Working to close security loopholes identified by the Sept. 11
commission, the U.S. House of Representatives on Oct. 1 passed a
bill that, if approved by the Senate, would reform the process of
issuing state driver’s licenses.

Janna Hutz
Photo illustration by Joel Friedman/Daily

Drafted by Michigan Rep. Candice Miller (R-Harrison Twp.), the
license provision in the reform bill would standardize the process
of getting state identity documents, including driver’s
licenses.

Currently, different states have different requirements for
receiving an ID. For example, Michigan requires that an individual
present three documents, at least one of which must come from a
list of six primary documents. In Minnesota, however, you have to
present just two items, one primary document from a list of 17
acceptable documents, and one secondary document — either
another primary one or a document from a list of eleven others.

Because the bill would standardize the way states confirm
identification, all states would be encouraged to have an effective
system to prevent identity fraud, and make it harder for illegal
aliens to falsify a legal identity.

The bill would also create a “Driver’s License
Agreement,” an interstate database allowing states to share
information on driver’s identity and driving record. The
American Association of Motor Vehicle Administrators maintains an
interstate database, yet Michigan and Wisconsin are not in the
database.

Sean Moran, legislative director for Miller’s office, said
the bill would allow the Secretary of Homeland Security to
collaborate with the states and come up with an official list of
accepted proofs of residence and identity.

“This bill will allow officials to have a high level of
confidence that this person is who he says he is,” he
said.

Moran said states are not forced to comply with these standards,
but the new bill offers grant incentives to states that comply.

Should a state choose not to comply with the provisions
mentioned in the bill, driver’s licenses issued by that state
would no longer be viable for proof of identification for federal
purposes. For example, if Alabama did not follow the guidelines in
the bill, an Alabama driver’s license would not be sufficient
proof of identity for receiving federal benefits or even boarding
airplanes or trains.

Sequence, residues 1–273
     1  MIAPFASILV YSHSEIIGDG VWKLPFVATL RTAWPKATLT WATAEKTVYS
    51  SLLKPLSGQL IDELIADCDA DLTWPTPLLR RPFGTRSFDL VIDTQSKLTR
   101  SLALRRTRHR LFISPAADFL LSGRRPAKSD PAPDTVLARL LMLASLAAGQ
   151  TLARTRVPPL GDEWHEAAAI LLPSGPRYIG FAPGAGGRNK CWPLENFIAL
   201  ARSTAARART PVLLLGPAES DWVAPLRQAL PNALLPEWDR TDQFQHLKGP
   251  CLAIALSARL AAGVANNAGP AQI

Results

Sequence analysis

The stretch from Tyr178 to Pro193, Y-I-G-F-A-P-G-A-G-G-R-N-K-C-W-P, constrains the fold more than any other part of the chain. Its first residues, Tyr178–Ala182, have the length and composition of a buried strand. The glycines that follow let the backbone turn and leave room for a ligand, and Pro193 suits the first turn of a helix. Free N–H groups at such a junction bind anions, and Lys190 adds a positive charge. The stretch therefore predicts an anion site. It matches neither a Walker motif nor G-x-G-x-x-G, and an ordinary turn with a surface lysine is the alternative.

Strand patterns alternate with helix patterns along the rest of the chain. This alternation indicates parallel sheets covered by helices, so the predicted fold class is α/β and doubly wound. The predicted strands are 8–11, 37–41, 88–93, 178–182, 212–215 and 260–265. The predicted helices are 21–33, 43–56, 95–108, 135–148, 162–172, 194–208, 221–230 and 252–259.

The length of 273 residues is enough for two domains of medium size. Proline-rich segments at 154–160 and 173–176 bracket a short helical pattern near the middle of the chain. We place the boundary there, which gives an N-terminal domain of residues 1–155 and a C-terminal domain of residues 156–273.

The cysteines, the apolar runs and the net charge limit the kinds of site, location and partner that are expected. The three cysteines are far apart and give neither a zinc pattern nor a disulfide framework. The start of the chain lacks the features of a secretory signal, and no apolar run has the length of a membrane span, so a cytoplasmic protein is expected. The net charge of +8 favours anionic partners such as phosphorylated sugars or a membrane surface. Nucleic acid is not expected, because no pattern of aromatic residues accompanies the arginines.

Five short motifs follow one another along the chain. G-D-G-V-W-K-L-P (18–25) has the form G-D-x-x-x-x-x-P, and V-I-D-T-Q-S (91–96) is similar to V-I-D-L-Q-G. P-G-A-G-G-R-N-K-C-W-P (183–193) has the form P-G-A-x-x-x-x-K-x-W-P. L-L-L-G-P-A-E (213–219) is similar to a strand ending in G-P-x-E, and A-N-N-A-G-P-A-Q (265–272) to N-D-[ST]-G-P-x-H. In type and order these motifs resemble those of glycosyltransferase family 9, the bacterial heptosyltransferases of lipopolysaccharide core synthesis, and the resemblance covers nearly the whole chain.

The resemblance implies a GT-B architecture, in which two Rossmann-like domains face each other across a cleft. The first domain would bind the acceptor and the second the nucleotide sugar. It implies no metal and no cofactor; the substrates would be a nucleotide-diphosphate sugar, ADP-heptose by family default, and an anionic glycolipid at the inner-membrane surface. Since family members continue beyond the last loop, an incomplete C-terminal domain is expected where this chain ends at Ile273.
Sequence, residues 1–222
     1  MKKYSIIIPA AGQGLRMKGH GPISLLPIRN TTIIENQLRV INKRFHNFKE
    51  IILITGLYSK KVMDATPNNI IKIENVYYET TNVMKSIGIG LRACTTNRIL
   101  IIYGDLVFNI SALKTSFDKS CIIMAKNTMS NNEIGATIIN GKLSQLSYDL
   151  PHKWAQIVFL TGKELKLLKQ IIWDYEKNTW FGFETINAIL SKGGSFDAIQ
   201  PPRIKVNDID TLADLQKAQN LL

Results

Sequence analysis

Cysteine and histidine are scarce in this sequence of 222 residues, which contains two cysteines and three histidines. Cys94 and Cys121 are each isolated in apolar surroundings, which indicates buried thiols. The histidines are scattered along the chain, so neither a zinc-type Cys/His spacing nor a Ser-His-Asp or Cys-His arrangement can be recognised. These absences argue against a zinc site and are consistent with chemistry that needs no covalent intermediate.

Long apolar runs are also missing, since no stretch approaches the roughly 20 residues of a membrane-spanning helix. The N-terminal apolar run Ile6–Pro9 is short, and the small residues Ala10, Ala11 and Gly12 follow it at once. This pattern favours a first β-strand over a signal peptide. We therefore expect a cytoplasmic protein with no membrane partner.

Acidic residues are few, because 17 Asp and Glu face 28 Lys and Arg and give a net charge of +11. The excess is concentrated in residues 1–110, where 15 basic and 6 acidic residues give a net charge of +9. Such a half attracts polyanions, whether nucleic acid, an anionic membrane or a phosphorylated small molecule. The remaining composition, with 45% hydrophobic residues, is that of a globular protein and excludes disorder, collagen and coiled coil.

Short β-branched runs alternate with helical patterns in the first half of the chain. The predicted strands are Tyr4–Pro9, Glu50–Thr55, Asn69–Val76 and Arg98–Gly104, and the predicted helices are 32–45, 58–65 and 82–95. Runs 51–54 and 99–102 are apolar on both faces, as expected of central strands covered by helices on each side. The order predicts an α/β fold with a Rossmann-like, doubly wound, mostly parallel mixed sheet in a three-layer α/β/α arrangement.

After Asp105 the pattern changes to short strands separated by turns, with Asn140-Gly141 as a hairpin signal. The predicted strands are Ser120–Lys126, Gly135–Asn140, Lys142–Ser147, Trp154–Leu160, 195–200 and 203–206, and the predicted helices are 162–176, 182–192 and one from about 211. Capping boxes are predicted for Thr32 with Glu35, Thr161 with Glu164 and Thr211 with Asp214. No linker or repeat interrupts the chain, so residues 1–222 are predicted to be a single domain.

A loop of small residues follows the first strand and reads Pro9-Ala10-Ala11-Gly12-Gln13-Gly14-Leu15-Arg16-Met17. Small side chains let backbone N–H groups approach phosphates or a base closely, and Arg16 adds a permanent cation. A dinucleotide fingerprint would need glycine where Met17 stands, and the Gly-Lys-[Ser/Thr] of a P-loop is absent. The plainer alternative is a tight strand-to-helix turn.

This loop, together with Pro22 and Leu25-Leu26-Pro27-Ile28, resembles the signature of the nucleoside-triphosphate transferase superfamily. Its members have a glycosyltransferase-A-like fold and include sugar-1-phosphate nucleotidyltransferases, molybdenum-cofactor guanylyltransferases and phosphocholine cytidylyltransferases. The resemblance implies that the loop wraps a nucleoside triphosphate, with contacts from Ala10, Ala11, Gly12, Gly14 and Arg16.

Previously, problems with slack identification requirements in
2001 allowed four Sept. 11 hijackers to obtain driver’s
licenses in Virginia based on falsified information.

Following Sept. 11, many states implemented massive reforms to
correct their system for issuing identification cards.

Moran said the bill is mainly to make sure that all states
uniformly update their systems, saying “a lot of states have
already made tremendous strides to comply with this law, even
though it hasn’t been effected. States are making huge
driver’s license reforms. We want to make sure everyone is
complying.”

Adversaries of the bill, such as the American Civil Liberties
Union, say it will lead to the implementation of a national ID card
which would be a step toward creating a police state. They also
question the responsibility of creating the Driver’s License
Agreement database, saying it would inevitably be used for purposes
other than those originally intended, and that this information
would end up in the hands of credit agencies and private
investigators.

Wendy Wagenheim, communications director for ACLU’s
Michigan branch, said, “Whether or not there is a card
actually issued, the fact is that the government would have a huge
database with information about every (driver) in the United States
… the result of that is the further erosion of
privacy.”

“The Feds do not need to pass a bill requiring states to
do what states should want to do anyway — and that is make
their citizens safe,” Wagenheim said.

But Moran said there are no plans to create a national ID
card.

“Arguments saying this bill would create a national ID
card are simply not true. States already have licenses; all this
legislation is doing is standardizing the criteria to issue these
and standardizing the technology,” he said.

Advocates also say standardizing the database technology would
allow law enforcement across the country to make the highways
safer, ensuring for example, a police officer in South Carolina to
have access to a Minnesota driver’s driving record.

Several documents that Michigan currently accepts as proof of ID
would no longer be viable under the new law. The new law will not
allow any foreign document to count for identification purposes.
Michigan currently accepts foreign driver’s licenses, birth
certificates, marriage licenses, divorce decrees and passports as
identity verification.

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